Hopefully when the dust settles, AEP won’t be granted a license. I think the ramifications would be widespread and negative.

    Deregulated Texas Electricity Bills are Cheaper than Entergy Texas Bills

    Recharge Texas is back to their usual tricks and painting deregulated electricity in Texas in a negative light. Even worse is they have managed to wrangle a position blogging for the Houston Chronicle’s Fuel Fix blog, which I’m concerned will give them further false credibility.

    Anyway, Recharge Texas is once again claiming that Texans are paying more in deregulated areas than they in regulated areas. The problem with this argument is that the numbers they use to support their theory are supplied by the United States Energy Information Administration (EIA).

    Now, don’t misunderstand me, there’s nothing incorrect about the EIA’s numbers, other than they’re typically 2 years old at any given the time. The problem is that the EIA can only compare average regulated electricity rates to average deregulated electricity rates wholesale. What that means is that deregulated averages must include all of the people who don’t shop for electricity, don’t leverage the market choices to their financial advantage, and the people who still don’t know or understand they have electric choice.

    Believe it or not, almost half of Texans in deregulated areas are paying as much as 50% more than the competitive market rates for electricity. Because of this the EIA information is a poor source for comparison because it skews deregulated rates high. Recharge Texas then uses these inflated numbers to make a blanket statement that deregulated electricity is more expensive than in regulated areas. When the fact of the matter is that deregulated electricity rates are substantially cheaper in deregulated areas for people who actually shop and compare.

    Basically Recharge Texas is painting all of deregulation in a bad light simply because some people choose to pay a premium or don’t take advantage of the deals available. It is the equivalent of saying the price of food is more expensive in Texas than elsewhere because everyone chooses to shop exclusively at Whole Foods or Central Market, or that purchasing cars in Texas is more expensive because everyone purposefully chooses to pay sticker price without haggling.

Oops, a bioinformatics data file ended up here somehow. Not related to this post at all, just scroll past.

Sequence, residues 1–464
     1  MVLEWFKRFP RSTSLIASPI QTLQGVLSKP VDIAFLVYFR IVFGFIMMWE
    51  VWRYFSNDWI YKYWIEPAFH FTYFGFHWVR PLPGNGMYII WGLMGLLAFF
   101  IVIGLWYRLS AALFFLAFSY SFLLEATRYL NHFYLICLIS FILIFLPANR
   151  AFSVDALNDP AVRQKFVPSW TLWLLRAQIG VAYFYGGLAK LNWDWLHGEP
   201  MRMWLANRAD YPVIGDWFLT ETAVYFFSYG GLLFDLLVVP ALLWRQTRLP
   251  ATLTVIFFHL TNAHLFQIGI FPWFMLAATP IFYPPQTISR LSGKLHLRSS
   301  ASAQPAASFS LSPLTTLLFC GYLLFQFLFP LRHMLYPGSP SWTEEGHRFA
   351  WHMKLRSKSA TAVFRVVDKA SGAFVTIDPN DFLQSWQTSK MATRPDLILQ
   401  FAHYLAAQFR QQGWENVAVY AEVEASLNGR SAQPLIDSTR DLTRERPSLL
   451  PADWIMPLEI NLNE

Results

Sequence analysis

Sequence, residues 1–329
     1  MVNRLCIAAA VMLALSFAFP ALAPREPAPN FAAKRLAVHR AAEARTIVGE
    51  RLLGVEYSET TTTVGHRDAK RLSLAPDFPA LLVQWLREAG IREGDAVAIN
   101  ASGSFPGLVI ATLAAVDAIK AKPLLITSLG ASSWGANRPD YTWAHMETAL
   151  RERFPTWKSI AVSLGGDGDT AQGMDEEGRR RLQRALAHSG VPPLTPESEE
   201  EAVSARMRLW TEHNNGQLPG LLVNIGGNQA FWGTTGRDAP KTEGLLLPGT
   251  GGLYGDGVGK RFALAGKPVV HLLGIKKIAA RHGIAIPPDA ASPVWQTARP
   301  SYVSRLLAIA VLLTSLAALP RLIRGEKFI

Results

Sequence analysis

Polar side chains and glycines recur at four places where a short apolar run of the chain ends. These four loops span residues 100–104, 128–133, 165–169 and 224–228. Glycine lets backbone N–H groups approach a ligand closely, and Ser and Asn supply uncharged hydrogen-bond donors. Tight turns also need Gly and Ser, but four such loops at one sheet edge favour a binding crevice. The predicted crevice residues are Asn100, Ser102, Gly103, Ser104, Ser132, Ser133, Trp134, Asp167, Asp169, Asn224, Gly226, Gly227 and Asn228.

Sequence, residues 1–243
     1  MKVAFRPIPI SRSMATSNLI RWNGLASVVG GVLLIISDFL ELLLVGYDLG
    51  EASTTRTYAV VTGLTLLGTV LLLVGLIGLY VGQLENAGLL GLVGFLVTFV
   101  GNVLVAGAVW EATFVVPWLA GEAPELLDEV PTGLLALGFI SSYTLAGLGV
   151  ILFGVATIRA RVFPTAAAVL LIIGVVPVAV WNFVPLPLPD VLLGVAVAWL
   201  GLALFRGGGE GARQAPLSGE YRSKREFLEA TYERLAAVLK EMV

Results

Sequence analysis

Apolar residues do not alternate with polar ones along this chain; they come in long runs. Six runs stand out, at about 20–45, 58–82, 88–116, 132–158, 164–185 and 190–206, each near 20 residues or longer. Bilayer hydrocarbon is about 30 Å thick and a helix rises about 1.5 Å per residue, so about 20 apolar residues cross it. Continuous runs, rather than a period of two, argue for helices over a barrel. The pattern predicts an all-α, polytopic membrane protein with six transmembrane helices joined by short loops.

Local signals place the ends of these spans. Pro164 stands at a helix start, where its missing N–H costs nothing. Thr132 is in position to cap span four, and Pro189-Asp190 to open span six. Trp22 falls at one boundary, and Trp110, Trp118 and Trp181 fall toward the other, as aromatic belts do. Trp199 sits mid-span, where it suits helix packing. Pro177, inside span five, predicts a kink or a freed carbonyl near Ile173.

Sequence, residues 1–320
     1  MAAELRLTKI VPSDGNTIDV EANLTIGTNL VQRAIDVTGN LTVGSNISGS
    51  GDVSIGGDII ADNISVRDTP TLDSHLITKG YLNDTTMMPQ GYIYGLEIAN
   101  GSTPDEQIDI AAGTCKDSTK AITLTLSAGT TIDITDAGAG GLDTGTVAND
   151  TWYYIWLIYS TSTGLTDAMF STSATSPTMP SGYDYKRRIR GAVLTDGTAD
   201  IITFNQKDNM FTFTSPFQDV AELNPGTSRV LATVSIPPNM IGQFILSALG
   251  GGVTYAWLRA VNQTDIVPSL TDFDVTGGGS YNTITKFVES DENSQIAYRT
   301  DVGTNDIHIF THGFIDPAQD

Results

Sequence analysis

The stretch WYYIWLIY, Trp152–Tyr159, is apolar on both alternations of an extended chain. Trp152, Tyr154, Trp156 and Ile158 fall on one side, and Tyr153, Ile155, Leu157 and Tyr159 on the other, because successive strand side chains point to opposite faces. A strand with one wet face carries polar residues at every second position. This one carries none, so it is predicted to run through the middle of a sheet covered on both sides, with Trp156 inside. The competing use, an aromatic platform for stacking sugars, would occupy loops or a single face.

Why am I bringing this up when the title of this post is discussing Entergy bills? Well, I stumbled across this article, and it is yet another example of a regulated utility about to raise rates. In this instance, the rates to be raised are already substantially higher than deregulated rates. In the month of October, the average bill for a customer with Entergy that used 1,000 kWh of electricity was $114.69.

    For comparison, and you will have to take my word for it because it required me to do a lot of math, the average electricity bill in October for all the deregulated areas of Texas was $103.89 cents. And this includes all of the inflated bills from people who pay 50% over market prices. Entergy is ALREADY almost $11 more expensive compared to deregulated areas. If you add $14 to Entergy’s bill, it would be more than $24 higher than the monthly average in deregulated areas of Texas. If Entergy only gets half of what they’re asking for, it is still more expensive than all of deregulated Texas by about $18.

    Other regulated areas more expensive than the average cost of the deregulated areas of Texas include El Paso and Victoria. And I’ll also include Austin considering Austin Energy is 250 million dollars in debt because they have refused to raise rates in well over a decade. They’ll be more expensive than deregulated areas very shortly while still be sporting a quarter billion dollar debt.

    So chalk up Entergy, which services a massive chunk of East Texas customers, as another regulated area with massively higher bills than areas with deregulated Texas electricity. And that is even with all the high bills from indifferent shoppers that inflate the picture of deregulation. What would those numbers look like if everyone exercised electric choice?